What is the Difference Between Ibogaine and Iboga?

Blog Talk RadioUsed for thousands of years by the Bwiti tribe of West Africa, iboga is central in their beliefs and is an integral part of their religion. Extracted from the root of the Tabernanthe iboga shrub, iboga is traditionally used in rites of passage ceremonies and also as a powerful healer. This substance is considered sacred and used for healing in many different situations.

Not limited to tribal rituals and religious ceremonies, iboga has long made its way out of Africa and is becoming well known in another aspect of healing. Unprecedented for healing addiction at both a physical and psychological level, ibogaine is the principle active compound found within iboga.

Here we have two substances from the same plant. Iboga is predominantly used amongst the some 3 million Bwiti tribesmen and women throughout the Cameroon, Gabon, and Zaire. Ibogaine on the other hand is used primarily in the West as a treatment for addiction. What exactly is the difference between ibogaine and iboga, though? If it’s from the same plant isn’t it doing the same thing under a different name? Not exactly.


Iboga is truly one of the central aspects of the Bwiti. Traditionally it has been used for centuries and is the mainstay of their spiritual and religious practice. Iboga is used in several different ceremonies and is used by virtually all members of their society. When talking about Iboga we are referring to the literal root bark of the Iboga plant, usually in powdered form. This is what the Bwiti ingest during their rituals.

For rites of passage ceremonies huge doses of iboga are taken. It is these rites of passage rituals that hallucinations and deeply personal inner journeys occur. To get to this altered state, initiates consume vast amounts of the powdered root bark. Some doses may be up to a couple pounds of iboga, with amounts this large most often ingested during the course of the entire ceremony.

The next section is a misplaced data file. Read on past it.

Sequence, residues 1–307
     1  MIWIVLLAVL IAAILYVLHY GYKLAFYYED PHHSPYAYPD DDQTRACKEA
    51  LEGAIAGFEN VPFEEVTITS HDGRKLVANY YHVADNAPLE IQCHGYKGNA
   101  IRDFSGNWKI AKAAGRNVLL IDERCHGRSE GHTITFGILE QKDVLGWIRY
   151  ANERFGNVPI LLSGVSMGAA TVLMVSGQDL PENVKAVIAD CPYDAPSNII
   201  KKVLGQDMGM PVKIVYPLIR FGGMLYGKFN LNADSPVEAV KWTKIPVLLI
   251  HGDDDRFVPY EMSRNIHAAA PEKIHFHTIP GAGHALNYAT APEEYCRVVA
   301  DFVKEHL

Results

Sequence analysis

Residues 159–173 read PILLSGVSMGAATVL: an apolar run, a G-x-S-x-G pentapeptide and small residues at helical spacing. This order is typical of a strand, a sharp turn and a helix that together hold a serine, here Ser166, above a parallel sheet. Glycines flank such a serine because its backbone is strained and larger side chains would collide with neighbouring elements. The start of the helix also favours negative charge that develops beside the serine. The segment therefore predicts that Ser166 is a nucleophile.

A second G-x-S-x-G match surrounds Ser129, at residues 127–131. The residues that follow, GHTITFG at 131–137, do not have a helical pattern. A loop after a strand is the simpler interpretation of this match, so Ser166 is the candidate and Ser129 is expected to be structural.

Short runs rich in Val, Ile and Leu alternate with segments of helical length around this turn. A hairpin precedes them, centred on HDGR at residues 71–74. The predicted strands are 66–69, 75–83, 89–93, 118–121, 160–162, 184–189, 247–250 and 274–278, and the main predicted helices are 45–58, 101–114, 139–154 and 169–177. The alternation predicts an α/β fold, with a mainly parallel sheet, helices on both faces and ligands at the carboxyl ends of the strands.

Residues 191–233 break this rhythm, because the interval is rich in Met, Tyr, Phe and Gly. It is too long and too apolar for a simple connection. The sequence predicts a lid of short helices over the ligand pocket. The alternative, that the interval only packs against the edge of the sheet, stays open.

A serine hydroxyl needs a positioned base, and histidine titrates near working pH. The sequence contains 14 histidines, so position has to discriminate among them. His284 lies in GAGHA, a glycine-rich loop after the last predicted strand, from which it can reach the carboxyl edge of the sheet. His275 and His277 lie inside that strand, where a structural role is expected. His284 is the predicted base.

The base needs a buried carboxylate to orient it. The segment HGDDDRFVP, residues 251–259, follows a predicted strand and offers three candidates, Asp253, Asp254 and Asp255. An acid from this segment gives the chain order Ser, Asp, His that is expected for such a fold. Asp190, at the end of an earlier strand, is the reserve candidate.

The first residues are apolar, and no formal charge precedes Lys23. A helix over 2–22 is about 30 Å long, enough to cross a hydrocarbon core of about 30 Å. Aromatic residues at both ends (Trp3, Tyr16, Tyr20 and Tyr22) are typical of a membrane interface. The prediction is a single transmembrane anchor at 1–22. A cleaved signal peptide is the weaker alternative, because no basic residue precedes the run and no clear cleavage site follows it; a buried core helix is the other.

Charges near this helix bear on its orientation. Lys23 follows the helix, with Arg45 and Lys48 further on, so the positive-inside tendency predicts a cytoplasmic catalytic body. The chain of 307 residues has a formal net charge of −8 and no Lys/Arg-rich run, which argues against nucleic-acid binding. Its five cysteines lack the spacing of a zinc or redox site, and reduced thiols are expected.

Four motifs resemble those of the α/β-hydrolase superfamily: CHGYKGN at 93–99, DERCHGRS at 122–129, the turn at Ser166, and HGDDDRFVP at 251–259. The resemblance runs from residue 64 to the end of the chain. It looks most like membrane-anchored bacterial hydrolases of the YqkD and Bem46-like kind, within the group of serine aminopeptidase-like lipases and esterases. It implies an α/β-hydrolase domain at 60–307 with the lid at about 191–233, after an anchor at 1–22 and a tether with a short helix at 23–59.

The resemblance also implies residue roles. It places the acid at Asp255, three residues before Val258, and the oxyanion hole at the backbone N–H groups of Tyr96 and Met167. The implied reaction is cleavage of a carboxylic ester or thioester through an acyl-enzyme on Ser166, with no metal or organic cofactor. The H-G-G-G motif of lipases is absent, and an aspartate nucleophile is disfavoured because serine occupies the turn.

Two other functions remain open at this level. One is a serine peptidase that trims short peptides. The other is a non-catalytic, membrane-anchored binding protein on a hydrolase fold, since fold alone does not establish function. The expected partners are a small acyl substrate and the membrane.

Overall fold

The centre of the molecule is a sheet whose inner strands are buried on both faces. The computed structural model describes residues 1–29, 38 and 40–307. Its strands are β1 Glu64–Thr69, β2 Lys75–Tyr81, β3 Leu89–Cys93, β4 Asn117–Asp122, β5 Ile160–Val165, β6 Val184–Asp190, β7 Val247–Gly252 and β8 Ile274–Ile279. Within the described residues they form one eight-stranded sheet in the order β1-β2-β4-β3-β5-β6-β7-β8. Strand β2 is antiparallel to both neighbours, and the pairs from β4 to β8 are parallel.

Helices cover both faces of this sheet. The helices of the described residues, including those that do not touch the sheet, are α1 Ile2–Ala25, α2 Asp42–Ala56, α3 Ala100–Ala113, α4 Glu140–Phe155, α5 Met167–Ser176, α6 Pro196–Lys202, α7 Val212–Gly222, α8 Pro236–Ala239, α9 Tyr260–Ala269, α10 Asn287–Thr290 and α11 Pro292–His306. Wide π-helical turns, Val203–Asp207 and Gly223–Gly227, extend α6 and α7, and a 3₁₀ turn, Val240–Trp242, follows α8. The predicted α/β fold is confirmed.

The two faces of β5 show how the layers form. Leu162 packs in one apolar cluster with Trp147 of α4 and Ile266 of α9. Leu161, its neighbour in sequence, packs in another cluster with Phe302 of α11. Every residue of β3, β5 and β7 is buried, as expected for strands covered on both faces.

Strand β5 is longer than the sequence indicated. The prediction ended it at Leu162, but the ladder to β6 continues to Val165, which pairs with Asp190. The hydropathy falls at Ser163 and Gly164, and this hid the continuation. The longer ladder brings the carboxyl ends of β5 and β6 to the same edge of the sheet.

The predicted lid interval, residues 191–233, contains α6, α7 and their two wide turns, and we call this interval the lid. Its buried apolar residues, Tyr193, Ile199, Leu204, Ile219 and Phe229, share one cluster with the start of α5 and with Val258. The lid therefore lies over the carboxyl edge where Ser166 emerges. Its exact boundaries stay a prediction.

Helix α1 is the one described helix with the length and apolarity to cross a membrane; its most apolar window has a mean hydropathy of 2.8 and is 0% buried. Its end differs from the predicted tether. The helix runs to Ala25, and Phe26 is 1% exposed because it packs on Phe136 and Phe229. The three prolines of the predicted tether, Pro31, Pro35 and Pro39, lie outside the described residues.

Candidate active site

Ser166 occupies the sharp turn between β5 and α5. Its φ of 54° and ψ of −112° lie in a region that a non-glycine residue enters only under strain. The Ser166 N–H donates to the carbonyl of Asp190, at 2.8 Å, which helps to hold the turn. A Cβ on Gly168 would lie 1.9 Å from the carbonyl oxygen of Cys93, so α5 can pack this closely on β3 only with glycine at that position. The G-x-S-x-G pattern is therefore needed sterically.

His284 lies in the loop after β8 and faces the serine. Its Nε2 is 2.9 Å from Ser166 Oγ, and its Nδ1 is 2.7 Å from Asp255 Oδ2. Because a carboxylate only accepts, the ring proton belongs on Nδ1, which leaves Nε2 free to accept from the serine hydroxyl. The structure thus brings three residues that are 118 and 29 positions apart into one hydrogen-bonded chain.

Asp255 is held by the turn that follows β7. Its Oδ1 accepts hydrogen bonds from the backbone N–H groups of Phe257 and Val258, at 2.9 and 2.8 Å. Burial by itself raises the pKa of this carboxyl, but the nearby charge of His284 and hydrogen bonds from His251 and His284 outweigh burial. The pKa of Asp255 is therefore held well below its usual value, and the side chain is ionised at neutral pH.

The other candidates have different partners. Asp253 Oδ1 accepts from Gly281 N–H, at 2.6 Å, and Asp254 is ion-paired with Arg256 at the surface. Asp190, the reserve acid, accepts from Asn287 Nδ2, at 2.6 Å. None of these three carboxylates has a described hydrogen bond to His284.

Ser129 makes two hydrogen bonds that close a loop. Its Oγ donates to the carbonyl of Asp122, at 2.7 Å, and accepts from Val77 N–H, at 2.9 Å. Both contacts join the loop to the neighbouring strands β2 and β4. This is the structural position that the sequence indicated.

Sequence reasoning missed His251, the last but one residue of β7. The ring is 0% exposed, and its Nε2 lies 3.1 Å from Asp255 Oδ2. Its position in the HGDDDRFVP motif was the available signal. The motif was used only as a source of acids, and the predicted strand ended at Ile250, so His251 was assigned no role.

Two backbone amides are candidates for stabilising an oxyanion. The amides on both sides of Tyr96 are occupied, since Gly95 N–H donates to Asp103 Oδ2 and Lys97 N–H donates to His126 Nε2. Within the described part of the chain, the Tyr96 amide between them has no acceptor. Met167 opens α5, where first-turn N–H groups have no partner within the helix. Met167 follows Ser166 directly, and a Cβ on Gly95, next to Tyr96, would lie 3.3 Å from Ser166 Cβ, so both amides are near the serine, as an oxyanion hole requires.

In smaller doses iboga is traditionally taken as an emotional healing tool. People in the tribe who are experiencing stress or trauma will take iboga in smaller ceremonies that focus on emotional and spiritual healing.

Iboga is also used in weekly ceremonies amongst the Bwiti every Saturday night. These ceremonies run into Sunday morning and bring the tribe together to dance, feast, and experience nlem myore, or “one heart only”, which can also be thought of as a state of communal happiness and connection. At these ceremonies small to moderate doses of iboga are taken that enable tribe members to spiritually connect without going into the full-blown iboga experience.


Ibogaine, best known in the West for its positive results as an addiction treatment, is one of approximately eleven different chemical compounds found in the Tabernanthe iboga plant. Where iboga is the root, ibogaine is a compound found within the root.

Ibogaine, the active chemical compound found in iboga, is what is most commonly used as an addiction treatment. Ibogaine treatment clinics that can be found throughout Canada, Mexico, and Central and South America are using ibogaine rather than iboga to treat addiction.

Ibogaine was first isolated in 1901 and finally discovered as an anti-addictive agent some sixty years later. When taken for addiction, treatment centers typically use around 20 milligrams per kilogram of patient weight. For an average 150 pound person around 1400 milligrams of ibogaine would be a typical dose.

By using the extracted pure Ibogaine during treatment we are able to give the patient more of the drug they need to treat the addiction. In this way ibogaine can be more closely monitored and adjusted to fit patient’s individual needs. Ibogaine is metabolized in the body as noribogaine, which is a metabolite produced by the liver. This may be part of the reason why ibogaine is particularly effective at detoxifying the body and bringing one closer to their pre-addicted state.

Ibogaine or Iboga

The experience gathered from both iboga and ibogaine undoubtedly provides healing unlike anything else known. Both induce a hallucinatory experience, this found more prevalent in clinical ibogaine use and initiation ceremonies with iboga.

The difference in the two can be found in the way the substance is extracted and experienced. With iboga one is immersed in the deep religious and spiritual experience it is used for and most often used amongst the Bwiti tribe. With ibogaine one is immersed within a compound of the whole, and is most often used to heal addiction rather than for religious or spiritual gain.

With both iboga and ibogaine treatment one thing is certainly clear. Found within this root of an African plant is contained immense healing potential…as well as the power to positively change one’s life.